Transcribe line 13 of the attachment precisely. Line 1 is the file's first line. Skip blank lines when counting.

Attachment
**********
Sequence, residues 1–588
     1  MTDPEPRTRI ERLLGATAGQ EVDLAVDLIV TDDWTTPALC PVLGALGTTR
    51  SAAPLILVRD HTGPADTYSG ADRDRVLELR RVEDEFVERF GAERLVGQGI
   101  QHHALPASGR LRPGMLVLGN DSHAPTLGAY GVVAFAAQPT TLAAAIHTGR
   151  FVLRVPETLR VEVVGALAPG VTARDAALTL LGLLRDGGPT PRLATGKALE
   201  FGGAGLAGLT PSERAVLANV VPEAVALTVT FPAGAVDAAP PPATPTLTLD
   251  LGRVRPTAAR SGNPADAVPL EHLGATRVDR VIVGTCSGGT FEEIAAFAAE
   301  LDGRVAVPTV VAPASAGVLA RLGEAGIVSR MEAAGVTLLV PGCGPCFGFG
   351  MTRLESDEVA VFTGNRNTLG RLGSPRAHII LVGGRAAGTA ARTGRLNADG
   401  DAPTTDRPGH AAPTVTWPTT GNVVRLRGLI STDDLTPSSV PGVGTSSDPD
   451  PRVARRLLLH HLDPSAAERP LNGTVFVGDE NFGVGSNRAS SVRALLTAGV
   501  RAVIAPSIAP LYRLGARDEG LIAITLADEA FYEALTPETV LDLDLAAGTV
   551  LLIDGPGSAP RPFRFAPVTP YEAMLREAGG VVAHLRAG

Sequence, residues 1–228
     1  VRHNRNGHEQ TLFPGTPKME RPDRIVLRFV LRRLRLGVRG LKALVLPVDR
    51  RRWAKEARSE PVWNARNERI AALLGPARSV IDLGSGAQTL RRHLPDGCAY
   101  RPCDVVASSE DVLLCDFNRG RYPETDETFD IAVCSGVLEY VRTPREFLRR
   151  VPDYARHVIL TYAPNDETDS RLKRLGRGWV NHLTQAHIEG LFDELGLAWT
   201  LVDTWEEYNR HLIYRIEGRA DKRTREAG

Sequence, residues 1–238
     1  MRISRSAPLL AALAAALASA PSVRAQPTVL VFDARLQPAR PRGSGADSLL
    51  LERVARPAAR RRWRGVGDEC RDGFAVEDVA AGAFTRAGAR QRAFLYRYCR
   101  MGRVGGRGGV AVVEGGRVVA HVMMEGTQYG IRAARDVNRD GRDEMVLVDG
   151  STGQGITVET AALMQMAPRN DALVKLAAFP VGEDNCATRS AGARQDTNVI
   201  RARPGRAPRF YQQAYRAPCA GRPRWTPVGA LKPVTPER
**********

   551  LLIDGPGSAP RPFRFAPVTP YEAMLREAGG VVAHLRAG